Er,…What I mean to say is…

There is nothing like the arrangement of words to keep things lively. In an earlier blog (“Rivers & The Clash between the Earth and the World”), I wrote about the difference between the Earth and World. In this Thursday’s blog, I am reminded how the simple re-arrangement of identical words can make a world of earthly difference.

In this picture are two book covers. Each has taken the same 5 words for their titles, but arranged them in different order. Both are very good books, by the way. Nevertheless, each tells a very different story about…Reality. On the left, the presumption is that the social world emerges out of Reality (ie., built up from the stuff of the earth). On the right, the suggestion is the opposite – Reality, as we know it, emerges out of the social world. Of course, in their way both books make perfectly good sense. It all depends on what one feels like talking about.

From AIIOE, for example…

Words are just sounds: My question comes with neither irony nor defensiveness, even though I know how much hangs on an old story; on the choice of words used to tell it, uttered by chance, gambling the present for a future world. A future world for both of us, determined by the simple arrangement of odd but distinct sounds. Strange grunts, snaps, and hisses issued from a beating heart, full of consequence. Miryam does not answer. I speak, relieved.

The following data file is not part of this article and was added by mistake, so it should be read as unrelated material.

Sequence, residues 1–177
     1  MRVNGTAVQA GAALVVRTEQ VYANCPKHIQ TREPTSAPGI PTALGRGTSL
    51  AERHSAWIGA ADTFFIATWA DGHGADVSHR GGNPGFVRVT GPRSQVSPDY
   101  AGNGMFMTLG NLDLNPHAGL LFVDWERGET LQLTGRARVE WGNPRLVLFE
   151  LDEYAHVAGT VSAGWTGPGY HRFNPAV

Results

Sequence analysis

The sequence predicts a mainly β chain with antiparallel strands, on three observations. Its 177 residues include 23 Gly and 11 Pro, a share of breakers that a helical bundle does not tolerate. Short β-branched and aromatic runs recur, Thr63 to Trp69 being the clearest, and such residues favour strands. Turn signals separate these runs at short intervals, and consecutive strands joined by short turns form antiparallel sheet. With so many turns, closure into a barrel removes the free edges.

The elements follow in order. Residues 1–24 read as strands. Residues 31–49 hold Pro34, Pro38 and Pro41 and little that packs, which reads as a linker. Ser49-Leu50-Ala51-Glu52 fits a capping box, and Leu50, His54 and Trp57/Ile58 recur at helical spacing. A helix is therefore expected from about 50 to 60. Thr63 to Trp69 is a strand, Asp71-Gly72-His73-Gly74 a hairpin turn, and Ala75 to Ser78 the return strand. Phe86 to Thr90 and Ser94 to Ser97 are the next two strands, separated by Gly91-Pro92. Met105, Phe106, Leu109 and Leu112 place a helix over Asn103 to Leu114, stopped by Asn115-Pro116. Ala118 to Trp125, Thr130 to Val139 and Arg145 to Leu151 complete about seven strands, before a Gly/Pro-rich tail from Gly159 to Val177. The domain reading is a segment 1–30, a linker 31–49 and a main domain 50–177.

Words don’t mean what they sound like without proper context: I got my undergraduate degree. In fact, I got two degrees. One in the “Sociology of Engineering Science” and the other in the “Science of Social Engineering.” I crafted them both in an interdisciplinary tour de force, right under the nose of the faculty. I was smarter than even I thought. I outwitted my professors, spinning the same papers from one academic degree to the other, all the while, having sex with as many ethnic classmates as I could get my hands on.

Words always refer to other words in the great Chain of Meaning,  sometimes even in the case of the phatic:  Liberty reaches over and touches my arm – body language – conveying both forgiveness and more bad information. “Nicole is getting married, Taylor,” she says, softly. There it is,…even worse than I’d imagined. Stanley Kowalski bellows again. Or was it me? “Kidding…your…is…what?” Proper speech has been sucker-punched out of me; my mouth hangs open like a hatchling waiting for a masticated worm.

So when your interlocutor looks at you as if you’re both about to fall off the top scaffold of the Tower of Babel, pop those words into a dice cup, shake them up, and hope for an anagram that says what you mean.

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